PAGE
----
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May 29, 1987 - Image 26

Resource type:
Text
Publication:
The Detroit Jewish News, 1987-05-29

Disclaimer: Computer generated plain text may have errors. Read more about this.

at

Smart Kids

Continued from Page 26

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28. Friday, May 29, 1987

THE DETROIT JEWISH NEWS

not the case. I always think I
can do better?'
Gifted students also achieve
to make school more in-
teresting for themselves.
Oakland Schools' Reischke
says, "The ceilings provided for
these students are not high
• enough, so they set goals for
themselves because it makes
their daily activity more in-
teresting."
Greenstein says that she
must be interested or challeng-
ed to do well. "The advanced
placement courses are the
hardest," she says. "I'm more
interested in them and I put
more effort into the class and I
know I'll be the best prepared
for college by taking them?'
Prince says, "I find the busier
I am the more organized I am
and I can accomplish much
more." She is very involved with
languages, presently speaking
French and Spanish and study-
ing Latin. Next year at Brown
University she plans to take
Japanese, and she is looking
forward to studying a wide
variety of subjects. Eventually
she hopes to work in interna-
tional law or business.
"Teachers and students shar-
ing a real love for a subject is
a strong motivator for these
students," according to
Reischke.
"When you have a teacher
who is really excited about a
subject like geometry for exam-
ple, then you just can't wait to
get to the homework," says
Greenstein. "I have to have
things fit. That's why I like
math so much." And Schwart-
zman adds, "Teachers really af-
fect whether you like a subject
or not."
Many of these students set
goals for themselves. One of the
first goals is attending the col-
lege or university of their
choice. Some knew early in
their academic life where they
wanted to attend college and
most had their minds made up
by their sophomore year. Finkel
says he had his mind made up
from the second grade. "My
mom tried to get me to look at
other schools, but I only wanted
to go to the University of
Michigan," he says. Finkel
plans to be in politics some day,
"but first I'll probably study
law and practice as a civil liber-
ties lawyer?' At Lahser, he
works on the school newspaper
writing many of the editorials.
Aside from academic goals,
these kids are committed to lots
of other activities that are •
challenging, creative, and build
organizational and manage-
ment skills.
Craine, who plans to study
business and the performing
arts at U of M, has had a major
part in every play at Groves
since he was a freshman. He
got hooked on acting at Camp
Walden one summer. Rocks
have also interested him for
many years and this year at
' Groves he is taking a gemology

class. In addition, he was a
regional planner for the B'nai
B'rith Youth Organization
(BBYO) last year. Craine
started his own business two
years ago selling office supplies
because "I didn't want to be a
busboy?' On weekends, he also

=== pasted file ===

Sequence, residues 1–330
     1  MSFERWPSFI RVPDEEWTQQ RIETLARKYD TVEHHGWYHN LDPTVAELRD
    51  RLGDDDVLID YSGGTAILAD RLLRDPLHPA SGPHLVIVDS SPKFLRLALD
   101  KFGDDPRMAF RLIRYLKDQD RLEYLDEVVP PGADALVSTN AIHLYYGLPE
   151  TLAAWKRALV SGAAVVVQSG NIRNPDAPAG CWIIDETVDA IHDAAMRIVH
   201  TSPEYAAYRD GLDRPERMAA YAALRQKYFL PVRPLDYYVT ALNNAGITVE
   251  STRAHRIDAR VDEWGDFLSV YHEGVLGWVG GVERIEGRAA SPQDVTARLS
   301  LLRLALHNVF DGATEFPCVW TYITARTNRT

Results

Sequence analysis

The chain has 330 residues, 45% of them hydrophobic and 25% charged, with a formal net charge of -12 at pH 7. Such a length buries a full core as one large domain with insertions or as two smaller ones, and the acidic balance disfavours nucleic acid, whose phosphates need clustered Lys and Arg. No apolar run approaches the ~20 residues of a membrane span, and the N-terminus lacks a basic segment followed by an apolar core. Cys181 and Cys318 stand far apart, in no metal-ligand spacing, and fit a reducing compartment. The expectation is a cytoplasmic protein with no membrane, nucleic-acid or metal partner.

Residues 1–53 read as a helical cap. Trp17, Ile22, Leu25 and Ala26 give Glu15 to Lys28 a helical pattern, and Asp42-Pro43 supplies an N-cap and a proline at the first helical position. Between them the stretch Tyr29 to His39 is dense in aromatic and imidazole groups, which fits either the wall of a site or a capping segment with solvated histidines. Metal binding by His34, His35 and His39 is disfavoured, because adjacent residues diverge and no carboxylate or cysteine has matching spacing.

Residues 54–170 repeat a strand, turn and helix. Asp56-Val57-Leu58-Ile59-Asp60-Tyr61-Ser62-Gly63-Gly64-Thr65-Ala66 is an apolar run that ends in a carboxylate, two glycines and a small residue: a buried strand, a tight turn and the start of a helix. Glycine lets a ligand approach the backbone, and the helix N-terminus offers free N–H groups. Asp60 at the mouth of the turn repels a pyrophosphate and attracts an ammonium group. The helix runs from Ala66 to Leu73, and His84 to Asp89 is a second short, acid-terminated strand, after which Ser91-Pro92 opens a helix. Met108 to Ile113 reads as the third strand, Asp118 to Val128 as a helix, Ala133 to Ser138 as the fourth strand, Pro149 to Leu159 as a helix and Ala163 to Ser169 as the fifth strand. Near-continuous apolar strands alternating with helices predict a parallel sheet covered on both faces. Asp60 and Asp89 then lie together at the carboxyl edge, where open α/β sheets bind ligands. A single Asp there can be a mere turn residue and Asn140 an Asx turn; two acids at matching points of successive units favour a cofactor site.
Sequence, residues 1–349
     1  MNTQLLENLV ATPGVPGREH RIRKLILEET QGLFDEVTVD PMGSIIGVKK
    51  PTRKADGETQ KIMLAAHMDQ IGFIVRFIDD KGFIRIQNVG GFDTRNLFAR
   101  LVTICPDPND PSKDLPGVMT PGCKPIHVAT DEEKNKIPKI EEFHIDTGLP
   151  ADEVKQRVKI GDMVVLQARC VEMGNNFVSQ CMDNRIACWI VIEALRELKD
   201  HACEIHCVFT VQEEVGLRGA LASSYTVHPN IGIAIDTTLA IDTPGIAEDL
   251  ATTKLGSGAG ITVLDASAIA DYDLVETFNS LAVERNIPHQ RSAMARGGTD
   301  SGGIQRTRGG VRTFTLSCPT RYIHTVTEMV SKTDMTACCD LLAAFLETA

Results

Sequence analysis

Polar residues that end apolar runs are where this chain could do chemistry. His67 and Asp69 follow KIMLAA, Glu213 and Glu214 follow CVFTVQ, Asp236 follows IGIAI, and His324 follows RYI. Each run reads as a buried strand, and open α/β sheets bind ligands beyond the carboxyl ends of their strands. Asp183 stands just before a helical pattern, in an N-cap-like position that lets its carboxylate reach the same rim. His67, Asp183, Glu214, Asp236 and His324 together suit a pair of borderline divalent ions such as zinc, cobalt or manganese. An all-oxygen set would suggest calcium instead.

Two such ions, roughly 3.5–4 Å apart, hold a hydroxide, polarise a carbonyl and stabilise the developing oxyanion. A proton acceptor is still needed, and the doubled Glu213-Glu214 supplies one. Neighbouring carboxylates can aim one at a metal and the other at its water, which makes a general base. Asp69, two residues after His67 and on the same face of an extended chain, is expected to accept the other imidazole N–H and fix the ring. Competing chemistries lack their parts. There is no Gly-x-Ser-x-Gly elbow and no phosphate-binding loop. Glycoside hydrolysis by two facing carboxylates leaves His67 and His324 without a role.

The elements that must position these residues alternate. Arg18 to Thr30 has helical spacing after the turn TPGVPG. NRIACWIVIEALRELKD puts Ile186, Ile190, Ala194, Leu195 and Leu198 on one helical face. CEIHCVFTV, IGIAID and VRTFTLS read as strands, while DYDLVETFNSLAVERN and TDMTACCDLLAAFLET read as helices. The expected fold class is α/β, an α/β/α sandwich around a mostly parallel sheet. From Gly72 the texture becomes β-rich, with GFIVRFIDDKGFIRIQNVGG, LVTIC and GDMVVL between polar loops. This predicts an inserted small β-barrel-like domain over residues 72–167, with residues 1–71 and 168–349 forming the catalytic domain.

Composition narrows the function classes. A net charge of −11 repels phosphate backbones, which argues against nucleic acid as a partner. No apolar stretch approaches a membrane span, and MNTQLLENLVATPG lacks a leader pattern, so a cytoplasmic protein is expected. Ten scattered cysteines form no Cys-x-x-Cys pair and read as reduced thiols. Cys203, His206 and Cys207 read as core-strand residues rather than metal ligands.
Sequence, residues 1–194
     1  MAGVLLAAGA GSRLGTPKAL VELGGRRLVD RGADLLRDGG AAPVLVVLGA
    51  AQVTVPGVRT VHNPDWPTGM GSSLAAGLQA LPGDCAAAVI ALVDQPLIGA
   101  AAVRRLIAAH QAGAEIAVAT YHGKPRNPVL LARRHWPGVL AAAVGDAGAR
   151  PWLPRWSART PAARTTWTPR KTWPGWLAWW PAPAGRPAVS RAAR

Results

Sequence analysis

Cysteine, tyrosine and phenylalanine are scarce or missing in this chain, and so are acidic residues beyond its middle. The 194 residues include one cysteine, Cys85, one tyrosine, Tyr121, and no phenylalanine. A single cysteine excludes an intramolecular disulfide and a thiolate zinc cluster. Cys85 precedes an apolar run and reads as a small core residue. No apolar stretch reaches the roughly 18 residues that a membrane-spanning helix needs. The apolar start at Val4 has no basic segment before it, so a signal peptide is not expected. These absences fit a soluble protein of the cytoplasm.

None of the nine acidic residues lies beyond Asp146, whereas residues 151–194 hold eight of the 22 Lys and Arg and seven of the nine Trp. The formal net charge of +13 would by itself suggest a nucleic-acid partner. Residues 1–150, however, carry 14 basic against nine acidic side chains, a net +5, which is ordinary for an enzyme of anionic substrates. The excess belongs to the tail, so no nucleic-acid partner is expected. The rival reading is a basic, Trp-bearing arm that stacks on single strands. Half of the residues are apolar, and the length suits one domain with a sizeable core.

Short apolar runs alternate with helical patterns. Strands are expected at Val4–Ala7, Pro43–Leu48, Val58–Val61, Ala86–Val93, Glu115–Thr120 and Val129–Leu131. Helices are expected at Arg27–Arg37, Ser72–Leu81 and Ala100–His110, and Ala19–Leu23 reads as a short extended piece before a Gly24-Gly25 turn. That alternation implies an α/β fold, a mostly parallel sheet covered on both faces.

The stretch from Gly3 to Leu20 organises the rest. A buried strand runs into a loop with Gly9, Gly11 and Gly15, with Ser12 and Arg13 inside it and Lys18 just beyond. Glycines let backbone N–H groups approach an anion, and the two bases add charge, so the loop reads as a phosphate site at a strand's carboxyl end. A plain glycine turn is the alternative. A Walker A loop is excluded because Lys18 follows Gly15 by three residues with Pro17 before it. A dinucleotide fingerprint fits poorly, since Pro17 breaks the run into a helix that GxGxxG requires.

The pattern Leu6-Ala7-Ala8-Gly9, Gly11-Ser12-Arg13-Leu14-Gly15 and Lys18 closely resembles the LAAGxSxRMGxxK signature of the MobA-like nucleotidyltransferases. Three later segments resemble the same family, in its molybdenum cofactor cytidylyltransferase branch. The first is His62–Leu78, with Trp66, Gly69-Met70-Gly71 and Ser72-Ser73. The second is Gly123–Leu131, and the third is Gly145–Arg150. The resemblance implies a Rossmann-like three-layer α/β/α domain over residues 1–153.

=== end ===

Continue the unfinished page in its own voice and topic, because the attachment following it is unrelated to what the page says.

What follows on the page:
works as a disc jockey.
Freedman, also active in
BBYO, attended the interna-
tional program two years ago in
Starlight, Pa. He says, "The
leadership aspect of BBYO is
great and, coupled with
Judaism, the experiences
become very valuable." Freed-
man is the chairperson of the
Peer Tutoring Program at
Southfield High and last sum-
mer wrote software programs
for Oakland Schools.
Prince spent two summers in
France, and another in Spain as
an exchange student. She has
played the violin for 12 years,
and now using a guitar - is the
song-lead for her youth group at
Temple Beth El and for the
Michigan State Temple Youth
(MSTY) where she is a general
vice president this year.
MSTY is a high priority for
Schwartzman aside from
schoolwork. Through MSTY
she has made a lot of friends,
gained leadership ability, lob-
bied in Washington for a bill for
the homeless, and strengthen-
ed her feelings for Judaism.
- "Only after being active in
school activities can you really
feel like part of the school, not
just attending classes:' adds
Greenstein. This year she is the
chairperson for the West
Bloomfield High graduation to
be held at Meadowbrook, has
worked on the prom committee,
and helped plan and organize a
mother/daughter fashion show
held at West Bloomfield.
Gurvitz plays great tennis
and has been the captain of the
tennis team at West Bloom-
field. Last summer she worked
as an assistant tennis pro. She
is also president of the National
Honor Society at West Bloom-
field and works diligently for
the Class Activity Club, her
youth group at Temple Israel,
and tutors several students,
mostly in math.
Lorch, another active BBYO
member, is captain of the
Southfield-Lathrup Computer
Club, plays bridge, and is active
in the Science League.
Finkel has been on the swim-
ming team at Lahser since his
freshman year. He has worked
on Governor Blanchard's cam-
paign for election and been a
runner at a law firm last
summer.
Motivation can come from dif-
ferent directions: family,
teachers, or peers. But these
students all agree they are
challenged from within
themselves. All say they know
what their parents expectations
are, but, in the end, they
achieve and accomplish for
themselves. D

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